Appenzeller Dog Facts
|Common Name||Appenzeller Dog|
|Average Size||58cm (23in)|
|Average Weight||25kg (55lbs)|
|Average Lifespan||12 years|
|Colour||Black, Tan, White|
|Average Litter Size||6|
|Temperament||Active, calm, friendly and protective of their family|
|Training||Should be trained from an early age and respond best to firm and consistent training|
Appenzeller Dog Location
Map of Europe
Appenzeller DogThe Appenzeller dog is a herding dog by nature and therefore Appenzellers always require something to do. In a farm environment, they might nip at the sheep or cattle to herd them. Without sufficient exercise, they could become restless, so plenty of toys, space, exercise, and attention should be provided.
The Appenzeller dog is part of the Sennenhund family of dogs that include the Greater Swiss Mountain Dog, the Bernese Mountain Dog, the Appenzeller and the Entlebucher Mountain Dog, all of which are similar in colour and temperament but vary in size. The Sennenhund dogs were originally used to assist in general farmwork but they are also used as mountain rescue dogs in some areas of the Swiss mountains today.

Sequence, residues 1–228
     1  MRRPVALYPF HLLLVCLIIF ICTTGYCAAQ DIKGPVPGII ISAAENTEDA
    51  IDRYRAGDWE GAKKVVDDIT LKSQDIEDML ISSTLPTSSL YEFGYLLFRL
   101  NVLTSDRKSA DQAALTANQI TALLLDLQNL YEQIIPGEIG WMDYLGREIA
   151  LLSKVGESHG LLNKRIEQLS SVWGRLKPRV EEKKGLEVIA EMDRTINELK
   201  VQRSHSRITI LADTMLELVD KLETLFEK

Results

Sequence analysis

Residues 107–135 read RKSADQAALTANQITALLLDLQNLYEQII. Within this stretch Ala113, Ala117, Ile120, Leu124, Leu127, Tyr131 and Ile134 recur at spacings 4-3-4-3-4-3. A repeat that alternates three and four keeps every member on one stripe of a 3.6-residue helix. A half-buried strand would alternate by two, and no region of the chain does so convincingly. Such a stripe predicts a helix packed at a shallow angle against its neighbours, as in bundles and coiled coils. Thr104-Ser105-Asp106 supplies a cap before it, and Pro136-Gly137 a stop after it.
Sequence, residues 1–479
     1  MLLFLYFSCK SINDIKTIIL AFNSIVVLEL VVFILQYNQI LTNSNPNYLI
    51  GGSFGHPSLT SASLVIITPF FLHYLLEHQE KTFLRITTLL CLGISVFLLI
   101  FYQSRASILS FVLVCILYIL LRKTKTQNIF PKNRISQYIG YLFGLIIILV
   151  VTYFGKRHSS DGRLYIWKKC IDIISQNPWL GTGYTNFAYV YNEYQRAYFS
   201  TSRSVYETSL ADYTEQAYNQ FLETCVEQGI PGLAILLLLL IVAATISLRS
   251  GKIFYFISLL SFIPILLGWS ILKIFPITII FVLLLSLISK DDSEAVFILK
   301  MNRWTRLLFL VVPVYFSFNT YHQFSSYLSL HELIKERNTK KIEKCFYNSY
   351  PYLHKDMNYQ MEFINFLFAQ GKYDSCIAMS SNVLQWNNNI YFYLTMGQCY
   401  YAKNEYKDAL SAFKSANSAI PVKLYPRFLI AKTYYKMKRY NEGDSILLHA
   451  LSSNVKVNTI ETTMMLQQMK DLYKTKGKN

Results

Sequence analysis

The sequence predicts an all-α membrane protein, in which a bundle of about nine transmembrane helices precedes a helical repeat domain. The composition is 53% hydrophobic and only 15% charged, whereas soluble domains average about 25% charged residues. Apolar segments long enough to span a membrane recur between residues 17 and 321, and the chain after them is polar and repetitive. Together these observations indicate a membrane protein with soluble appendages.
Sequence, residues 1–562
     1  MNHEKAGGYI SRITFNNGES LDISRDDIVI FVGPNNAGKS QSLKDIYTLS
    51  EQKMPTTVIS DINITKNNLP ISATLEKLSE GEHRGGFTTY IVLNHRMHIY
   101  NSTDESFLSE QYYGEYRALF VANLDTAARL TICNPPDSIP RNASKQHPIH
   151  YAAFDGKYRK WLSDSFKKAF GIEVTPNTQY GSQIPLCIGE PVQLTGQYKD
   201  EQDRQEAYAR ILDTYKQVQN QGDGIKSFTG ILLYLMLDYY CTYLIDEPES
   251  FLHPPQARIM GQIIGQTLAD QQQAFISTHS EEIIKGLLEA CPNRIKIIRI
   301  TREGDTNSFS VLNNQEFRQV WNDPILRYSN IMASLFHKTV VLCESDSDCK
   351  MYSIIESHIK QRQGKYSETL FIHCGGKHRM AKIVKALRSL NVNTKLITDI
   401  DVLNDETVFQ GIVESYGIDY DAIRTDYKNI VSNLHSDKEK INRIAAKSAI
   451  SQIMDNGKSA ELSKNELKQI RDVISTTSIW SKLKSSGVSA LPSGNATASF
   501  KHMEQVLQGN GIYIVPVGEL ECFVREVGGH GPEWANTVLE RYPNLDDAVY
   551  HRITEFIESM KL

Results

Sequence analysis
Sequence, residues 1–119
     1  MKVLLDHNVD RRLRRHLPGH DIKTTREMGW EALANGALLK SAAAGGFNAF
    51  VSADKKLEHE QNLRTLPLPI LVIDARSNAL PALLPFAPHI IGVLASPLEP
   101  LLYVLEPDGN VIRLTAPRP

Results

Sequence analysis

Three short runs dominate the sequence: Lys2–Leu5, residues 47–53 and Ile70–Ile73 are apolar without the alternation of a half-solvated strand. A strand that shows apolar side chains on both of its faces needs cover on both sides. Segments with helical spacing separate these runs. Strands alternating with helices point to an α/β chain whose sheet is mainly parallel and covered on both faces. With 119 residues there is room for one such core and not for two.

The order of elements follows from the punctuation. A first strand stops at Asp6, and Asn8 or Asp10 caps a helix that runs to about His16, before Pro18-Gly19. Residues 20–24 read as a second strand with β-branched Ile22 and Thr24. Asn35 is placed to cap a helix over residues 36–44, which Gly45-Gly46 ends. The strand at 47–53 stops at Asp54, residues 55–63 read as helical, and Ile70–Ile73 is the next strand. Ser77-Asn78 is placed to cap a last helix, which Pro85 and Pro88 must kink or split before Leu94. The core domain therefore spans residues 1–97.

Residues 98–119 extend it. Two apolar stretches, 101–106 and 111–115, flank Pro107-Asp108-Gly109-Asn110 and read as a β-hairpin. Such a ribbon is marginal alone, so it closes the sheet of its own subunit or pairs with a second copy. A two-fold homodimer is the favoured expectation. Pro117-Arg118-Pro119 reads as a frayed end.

The Appenzeller is one of the smaller breeds in the Sennenhund group of dogs with mature males growing to around 60 cm tall. The Appenzeller had a beautiful tri-coloured coat and a stockier build in comparison to similar breeds like the Bernese mountain dog.
As with all large, very active working dogs, the Appenzeller breed should be well socialized early in life with other dogs and people and provided with regular activity and training if they are to be safely kept as a pet. According to the breed standard, the dogs are lively, high spirited, and suspicious of strangers.